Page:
Get more articles like this about using Rails Like A Pro

Onboarding developers to your Rails app sucks

Have you ever asked someone else to help with your Rails app? Did you notice how painful it seemed for them to get everything working? Or how about contributing to someone else’s project? A bad setup experience can really suck away the motivation to help.

It usually goes something like this… you clone the repo from Github, look at the readme and realise it is still the default Rails template version. Ok, run bundle install, hopefully that goes well.

Next you try the database setup rake task but you’ve forgotten to put your details in the config file. Hopefully there’s a sample version to avoid the actual file being checked in to source control. If not, and you need to make a change, get ready for some annoying git stashing when it comes to pushing your code back.

What about those projects with a /db/migrate folder overflowing with migrations? Run rake db:migrate and hope they all still run?

Regardless of how much experience you have building apps with Rails, this is still a pain.

How did we end up like this?

Very often, the dependencies of your app evolve over time. You add a background worker to avoid a user having to wait for a process to complete, and then an A/B testing library or a feature flipper. Before too long there’s quite a list of dependencies that are not managed by any specific process.

The trouble is, tasks like creating and configuring these dependencies is often a one-time affair for you, well, once in your development environment and then once on your production server. Once done, it’s easy to forget that it’s a requirement for the app to work properly.

Automate it

The solution then, is to automate as much of this as we can. And we can automate the majority, if not all of it.

The easiest way to do it is to keep a bash script up-to-date with the steps required to get the app up and running and let it evolve alongside the app’s requirements.

Generally this is what I start with in bin/setup:

#! bin/sh

echo "Installing dependencies"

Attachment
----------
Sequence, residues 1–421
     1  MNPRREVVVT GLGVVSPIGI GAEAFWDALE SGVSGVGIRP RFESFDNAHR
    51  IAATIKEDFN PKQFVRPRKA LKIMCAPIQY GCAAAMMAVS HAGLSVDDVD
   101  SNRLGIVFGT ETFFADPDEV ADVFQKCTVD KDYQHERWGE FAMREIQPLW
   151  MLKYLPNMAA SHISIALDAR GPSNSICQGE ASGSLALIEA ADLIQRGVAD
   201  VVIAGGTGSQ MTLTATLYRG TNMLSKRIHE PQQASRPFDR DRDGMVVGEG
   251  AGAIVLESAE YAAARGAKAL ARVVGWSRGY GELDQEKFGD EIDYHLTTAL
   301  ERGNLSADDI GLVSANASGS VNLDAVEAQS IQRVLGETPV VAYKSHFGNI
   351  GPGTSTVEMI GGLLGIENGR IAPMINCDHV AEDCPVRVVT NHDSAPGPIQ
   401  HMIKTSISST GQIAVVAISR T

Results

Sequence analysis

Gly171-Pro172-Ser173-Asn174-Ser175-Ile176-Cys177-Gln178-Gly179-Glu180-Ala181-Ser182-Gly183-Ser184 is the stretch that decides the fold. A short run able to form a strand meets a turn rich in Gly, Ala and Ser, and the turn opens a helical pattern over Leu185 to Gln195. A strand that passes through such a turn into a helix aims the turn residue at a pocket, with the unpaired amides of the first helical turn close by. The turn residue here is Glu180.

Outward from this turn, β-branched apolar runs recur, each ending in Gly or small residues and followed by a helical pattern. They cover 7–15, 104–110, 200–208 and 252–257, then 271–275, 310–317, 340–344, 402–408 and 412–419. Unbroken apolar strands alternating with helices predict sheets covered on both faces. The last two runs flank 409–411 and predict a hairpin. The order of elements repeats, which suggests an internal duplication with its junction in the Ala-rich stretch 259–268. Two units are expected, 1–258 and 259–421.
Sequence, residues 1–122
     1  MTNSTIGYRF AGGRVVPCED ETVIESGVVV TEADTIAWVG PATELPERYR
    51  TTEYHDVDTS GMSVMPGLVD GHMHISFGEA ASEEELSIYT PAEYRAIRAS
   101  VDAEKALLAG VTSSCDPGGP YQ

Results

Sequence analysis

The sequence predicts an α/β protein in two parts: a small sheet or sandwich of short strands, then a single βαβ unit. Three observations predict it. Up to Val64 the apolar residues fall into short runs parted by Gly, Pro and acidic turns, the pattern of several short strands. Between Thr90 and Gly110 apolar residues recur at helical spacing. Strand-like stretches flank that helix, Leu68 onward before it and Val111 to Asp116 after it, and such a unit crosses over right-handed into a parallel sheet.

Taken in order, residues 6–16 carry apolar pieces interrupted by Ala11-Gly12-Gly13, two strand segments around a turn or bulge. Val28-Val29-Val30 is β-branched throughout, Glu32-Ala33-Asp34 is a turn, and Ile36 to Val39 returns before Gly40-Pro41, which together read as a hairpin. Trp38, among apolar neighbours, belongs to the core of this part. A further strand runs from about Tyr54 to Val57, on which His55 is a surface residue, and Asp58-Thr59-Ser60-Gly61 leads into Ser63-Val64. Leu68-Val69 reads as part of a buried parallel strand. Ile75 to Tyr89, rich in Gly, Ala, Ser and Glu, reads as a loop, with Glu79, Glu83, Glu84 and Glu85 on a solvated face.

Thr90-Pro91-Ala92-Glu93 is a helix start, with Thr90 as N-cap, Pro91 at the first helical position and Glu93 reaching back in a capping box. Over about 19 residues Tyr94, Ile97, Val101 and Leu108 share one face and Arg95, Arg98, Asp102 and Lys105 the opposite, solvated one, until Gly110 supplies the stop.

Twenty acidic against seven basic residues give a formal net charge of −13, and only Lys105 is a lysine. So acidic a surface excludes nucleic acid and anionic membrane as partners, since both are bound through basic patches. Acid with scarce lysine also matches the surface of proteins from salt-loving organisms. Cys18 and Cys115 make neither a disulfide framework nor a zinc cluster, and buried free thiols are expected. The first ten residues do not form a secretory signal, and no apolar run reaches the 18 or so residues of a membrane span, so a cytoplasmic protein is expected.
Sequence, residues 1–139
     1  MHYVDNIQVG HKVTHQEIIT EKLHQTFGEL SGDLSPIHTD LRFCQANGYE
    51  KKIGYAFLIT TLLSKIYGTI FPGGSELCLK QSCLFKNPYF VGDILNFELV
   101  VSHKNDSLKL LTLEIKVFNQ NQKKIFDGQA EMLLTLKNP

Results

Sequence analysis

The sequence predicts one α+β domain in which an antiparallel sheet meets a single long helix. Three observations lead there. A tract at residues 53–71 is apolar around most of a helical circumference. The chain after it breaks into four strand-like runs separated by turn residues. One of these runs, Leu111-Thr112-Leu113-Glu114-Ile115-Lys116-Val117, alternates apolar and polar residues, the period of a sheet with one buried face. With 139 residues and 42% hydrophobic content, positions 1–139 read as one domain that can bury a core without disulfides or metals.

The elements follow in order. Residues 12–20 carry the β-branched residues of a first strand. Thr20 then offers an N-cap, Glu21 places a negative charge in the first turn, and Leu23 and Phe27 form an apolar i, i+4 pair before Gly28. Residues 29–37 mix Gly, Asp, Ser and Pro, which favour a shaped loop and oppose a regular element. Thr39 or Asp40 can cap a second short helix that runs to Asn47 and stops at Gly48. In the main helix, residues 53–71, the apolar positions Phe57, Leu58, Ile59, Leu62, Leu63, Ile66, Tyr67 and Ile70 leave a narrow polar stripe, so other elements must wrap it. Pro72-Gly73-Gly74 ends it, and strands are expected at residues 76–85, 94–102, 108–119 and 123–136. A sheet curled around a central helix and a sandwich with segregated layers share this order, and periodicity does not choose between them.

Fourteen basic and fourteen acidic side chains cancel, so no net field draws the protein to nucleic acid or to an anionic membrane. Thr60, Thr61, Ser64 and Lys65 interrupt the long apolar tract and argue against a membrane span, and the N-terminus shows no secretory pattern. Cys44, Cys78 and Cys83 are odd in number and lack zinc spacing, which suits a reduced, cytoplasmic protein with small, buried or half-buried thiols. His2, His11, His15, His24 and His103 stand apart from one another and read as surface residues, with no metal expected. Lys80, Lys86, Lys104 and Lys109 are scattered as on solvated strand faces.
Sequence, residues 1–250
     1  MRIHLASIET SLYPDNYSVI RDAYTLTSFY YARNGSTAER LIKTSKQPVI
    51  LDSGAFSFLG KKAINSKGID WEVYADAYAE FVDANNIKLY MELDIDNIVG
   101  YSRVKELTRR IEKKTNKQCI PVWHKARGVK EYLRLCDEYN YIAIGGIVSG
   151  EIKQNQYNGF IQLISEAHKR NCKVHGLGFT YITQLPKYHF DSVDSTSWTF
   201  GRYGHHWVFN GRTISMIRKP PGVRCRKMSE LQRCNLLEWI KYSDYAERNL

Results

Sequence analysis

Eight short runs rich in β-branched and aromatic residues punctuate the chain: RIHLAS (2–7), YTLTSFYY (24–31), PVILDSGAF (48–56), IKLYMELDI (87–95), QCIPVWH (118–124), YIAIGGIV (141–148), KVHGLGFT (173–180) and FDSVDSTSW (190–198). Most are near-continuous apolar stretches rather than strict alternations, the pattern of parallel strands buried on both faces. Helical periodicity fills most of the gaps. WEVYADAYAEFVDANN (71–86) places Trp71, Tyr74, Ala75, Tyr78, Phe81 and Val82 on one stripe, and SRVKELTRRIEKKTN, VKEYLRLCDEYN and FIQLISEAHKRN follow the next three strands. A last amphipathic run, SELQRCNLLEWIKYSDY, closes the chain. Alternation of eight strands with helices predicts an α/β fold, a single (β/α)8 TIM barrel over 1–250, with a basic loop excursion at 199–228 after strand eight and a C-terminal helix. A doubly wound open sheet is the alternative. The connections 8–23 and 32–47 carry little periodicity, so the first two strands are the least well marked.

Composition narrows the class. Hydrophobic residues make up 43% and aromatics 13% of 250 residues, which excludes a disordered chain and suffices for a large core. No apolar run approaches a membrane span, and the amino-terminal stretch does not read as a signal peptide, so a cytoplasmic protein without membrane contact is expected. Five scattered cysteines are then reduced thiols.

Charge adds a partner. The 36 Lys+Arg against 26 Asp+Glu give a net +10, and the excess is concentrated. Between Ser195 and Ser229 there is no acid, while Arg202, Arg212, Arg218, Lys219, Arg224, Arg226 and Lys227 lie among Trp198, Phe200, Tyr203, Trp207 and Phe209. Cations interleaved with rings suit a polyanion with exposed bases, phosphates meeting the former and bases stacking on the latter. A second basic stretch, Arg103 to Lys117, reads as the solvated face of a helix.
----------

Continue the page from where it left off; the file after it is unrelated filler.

bundle install --quiet

echo "Preparing database"
rake db:setup

echo "All done. Run 'rails s' to start a server"

This will ensure my gem dependencies are up-to-date and my database is present and fully migrated. rake db:setup also runs the rake db:seed task, that populates the database from the db/seeds.rb code.

Make it idempotent

At this point, I’d like to recommend that you ensure your script can run in an idempotent fashion. Which is a succinct way of saying don’t overwrite things.

In order for this script to be useful and used by you, it shouldn’t overwrite or re-install things that are already up-to-date. Dependencies that haven’t changed don’t need to be re-installed and likewise, your db doesn’t need to be dropped and then created from scratch every time you run this script.

So, the script should aim to check what has been done so far and only perform steps that need to be run.

Fortunately, a lot of the system tools we use have this idea baked in. Bundler, for example, only updates your gems when a version has changed and you have asked for an update.

If you’re on a Mac, the brew command operates in a similar idempotent fashion.

Checking dependencies

As part of my setup script, I like to check for the presence of any dependencies that aren’t included in my app’s Gemfile. This generally is made up of databases and sometimes queue servers or a caching server.

Because we’re writing a shell script, we have all the power of the command line at our disposal and are able to make use of the which command for easy dependency checking.

if test ! $(which createdb)
  echo "You need to install PostgreSQL. If you use Homebrew, run:"
  echo "        brew install postgresql"
  echo "PostgreSQL found"

I repeat that block for any other dependencies the app has.

Config files

Another step we can automate is to create local versions of our standard .yml config files. At a minimum this will require us to create config/database.yml.

It’s good practice to keep configuration files that may differ between developer machines out of version control. So, when starting a new project I will create a config/database.yml.example file with generic values, this gets committed to version control, and then let the setup script create my local version, which gets ignored by my .gitignore settings.

if test -f config/database.yml
  echo "Database config already set"
  cp config/database.yml.example config/database.yml

Running the app with Foreman

Finally, the last common step we want is starting up all the services our app depends on. At the very least we want to fire up a web server. This is where we look to a great tool called Foreman.

Foreman allows us to define the processes our app needs in a Procfile and then manage these processes with a common set of commands, eg. foreman start and foreman stop.

We need to ensure that in the root folder of our app we create a Procfile:

web: bundle exec rails s 

This is the simplest Procfile we need.

It can also include other entries such as worker: rabbitmq-server. You can do anything that you would at the command line, so feel free to add switches for port numbers for example.

In order to add this to our setup script, let’s output a message that instructs the user how to start the app.

echo "Success. The app is installed. To view it in a browser, run:"
echo "  foreman start"

Summary / tl;dr

  • Automating your setup process will save time for you and anyone else who wants to contribute to your project.

  • Keep it current by updating it as your app changes.

  • Run it yourself, often.

  • Do it today.

Get more articles like this about using Rails Like A Pro